Cadbury is one step closer to being free to make its own version of a KitKat, after the Court of Appeal rejected claims the four-fingered treat should be given trademark protection.
Last year a High Court judge said the shape of Nestle's chocolate stalwart could not be patented.
And today the Court of Appeal agreed with earlier ruling, leaving Nestle with one final chance to have the decision overturned. With permission the Swiss firm could appeal the ruling to the Supreme Court.
A Nestle spokesperson said it was "disappointed by the Court of Appeal judgement and is considering next steps". The spokesperson added: "This judgement does not mean that our four finger-shape is now free for use in the UK or elsewhere".
Meanwhile, a spokesperson for Mondelez, Cadbury's owner, said: "We are pleased with the Court of Appeal’s decision today and welcome their conclusion. As we have previously stated, we do not believe the shape of the KitKat bar should be protected as a trademark in the UK.”
Sally Britton, an intellectual property lawyer at Mishcon de Reya, said today's decision "sets a high bar for the registration of shape marks".
The squabble between the two chocolate giants can be traced back to 2010 when Nestle first attempted to trademark the KitKat shape. The move was challenged by Cadbury.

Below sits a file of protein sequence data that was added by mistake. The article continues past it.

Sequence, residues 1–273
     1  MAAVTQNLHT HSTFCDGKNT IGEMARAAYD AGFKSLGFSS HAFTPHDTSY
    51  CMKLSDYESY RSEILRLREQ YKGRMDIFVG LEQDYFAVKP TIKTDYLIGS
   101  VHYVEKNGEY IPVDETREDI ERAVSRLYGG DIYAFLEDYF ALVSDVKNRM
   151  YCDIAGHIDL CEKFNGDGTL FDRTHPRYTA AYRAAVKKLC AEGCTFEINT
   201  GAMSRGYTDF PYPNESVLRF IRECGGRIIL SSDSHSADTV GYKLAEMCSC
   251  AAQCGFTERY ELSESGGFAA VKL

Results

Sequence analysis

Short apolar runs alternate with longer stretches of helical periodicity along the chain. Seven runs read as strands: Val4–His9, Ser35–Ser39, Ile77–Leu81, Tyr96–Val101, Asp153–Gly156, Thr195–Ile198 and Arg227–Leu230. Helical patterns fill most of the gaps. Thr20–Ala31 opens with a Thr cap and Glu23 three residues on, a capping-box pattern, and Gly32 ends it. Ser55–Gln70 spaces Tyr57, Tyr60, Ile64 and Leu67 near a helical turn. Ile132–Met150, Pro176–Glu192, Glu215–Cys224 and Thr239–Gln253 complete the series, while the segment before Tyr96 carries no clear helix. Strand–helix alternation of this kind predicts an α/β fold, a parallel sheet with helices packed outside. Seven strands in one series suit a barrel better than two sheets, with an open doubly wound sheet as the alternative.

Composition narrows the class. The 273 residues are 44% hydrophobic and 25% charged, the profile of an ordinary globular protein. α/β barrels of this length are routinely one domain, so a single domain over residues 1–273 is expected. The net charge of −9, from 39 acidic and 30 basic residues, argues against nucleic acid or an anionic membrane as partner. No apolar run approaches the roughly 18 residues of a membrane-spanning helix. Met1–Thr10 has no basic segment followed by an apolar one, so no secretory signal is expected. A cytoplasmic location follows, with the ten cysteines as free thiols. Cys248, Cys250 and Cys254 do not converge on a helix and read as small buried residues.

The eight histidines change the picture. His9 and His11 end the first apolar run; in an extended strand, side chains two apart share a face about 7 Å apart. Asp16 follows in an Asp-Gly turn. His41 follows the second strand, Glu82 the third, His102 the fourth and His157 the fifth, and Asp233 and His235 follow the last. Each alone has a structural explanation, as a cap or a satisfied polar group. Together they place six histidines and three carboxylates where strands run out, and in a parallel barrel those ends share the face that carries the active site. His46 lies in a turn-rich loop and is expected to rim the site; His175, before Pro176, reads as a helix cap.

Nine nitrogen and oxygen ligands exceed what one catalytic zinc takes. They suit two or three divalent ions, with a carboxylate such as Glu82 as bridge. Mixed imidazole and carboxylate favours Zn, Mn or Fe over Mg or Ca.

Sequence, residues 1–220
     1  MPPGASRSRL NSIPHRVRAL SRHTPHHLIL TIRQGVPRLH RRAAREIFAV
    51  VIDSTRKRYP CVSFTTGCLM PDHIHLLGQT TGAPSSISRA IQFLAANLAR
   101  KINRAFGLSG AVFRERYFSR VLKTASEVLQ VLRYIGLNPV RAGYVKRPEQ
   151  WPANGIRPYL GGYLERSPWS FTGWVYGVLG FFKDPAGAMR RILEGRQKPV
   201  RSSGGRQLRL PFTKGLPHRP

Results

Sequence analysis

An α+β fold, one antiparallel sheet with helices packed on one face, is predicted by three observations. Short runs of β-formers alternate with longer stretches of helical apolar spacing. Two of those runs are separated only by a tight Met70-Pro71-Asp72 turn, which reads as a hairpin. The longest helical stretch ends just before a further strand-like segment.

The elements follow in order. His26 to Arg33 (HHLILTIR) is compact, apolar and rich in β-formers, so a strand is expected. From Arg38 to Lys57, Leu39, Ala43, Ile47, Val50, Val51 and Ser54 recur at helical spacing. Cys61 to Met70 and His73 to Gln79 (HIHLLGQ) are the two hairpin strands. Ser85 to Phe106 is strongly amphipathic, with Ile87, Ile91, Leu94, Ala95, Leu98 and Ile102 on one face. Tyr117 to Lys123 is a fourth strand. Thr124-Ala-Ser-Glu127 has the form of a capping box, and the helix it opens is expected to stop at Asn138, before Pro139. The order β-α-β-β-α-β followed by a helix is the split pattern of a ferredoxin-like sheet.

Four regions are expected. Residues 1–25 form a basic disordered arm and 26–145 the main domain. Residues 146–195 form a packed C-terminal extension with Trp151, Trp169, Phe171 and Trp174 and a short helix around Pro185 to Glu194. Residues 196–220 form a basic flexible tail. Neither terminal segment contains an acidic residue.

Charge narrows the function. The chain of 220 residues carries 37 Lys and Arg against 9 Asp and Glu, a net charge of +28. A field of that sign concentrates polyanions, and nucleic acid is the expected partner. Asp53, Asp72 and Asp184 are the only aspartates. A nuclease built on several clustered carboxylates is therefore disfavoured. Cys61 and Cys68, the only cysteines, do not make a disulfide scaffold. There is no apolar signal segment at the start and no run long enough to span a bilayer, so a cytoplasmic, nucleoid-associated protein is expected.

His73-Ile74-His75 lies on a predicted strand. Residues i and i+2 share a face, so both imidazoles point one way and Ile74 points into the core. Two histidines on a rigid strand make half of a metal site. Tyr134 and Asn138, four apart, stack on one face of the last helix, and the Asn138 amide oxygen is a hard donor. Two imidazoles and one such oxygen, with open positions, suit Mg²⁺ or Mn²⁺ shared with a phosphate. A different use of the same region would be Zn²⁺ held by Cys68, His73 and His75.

The case has been heard in both English and European courts, with the most recent rulings in favour of Cadbury.
In the UK the rulings by the Court of Appeal and High Court contrast with an earlier decision made by the General Court of the Court of Justice. It concluded the shape of the KitKat was distinctive in the UK.
Read more: High Court says no to KitKat trademark
Robert Guthrie, a partner at law firm Osborne Clarke said: "It may be that the Court of Appeal was less inclined to follow the approach of the Court of Justice as a result of Brexit and that this is an early indication of the ways in which UK and EU trade mark may diverge.
"It seems likely that in the future it will be harder to register shapes as trade marks in the UK than in the EU."
Meanwhile, Britton said the latest court ruling could have wider implications.
She said: "Businesses seeking to protect non-traditional trade marks such as shapes or packaging will need to provide evidence that consumers are relying on that trade mark to identify the origin of the product."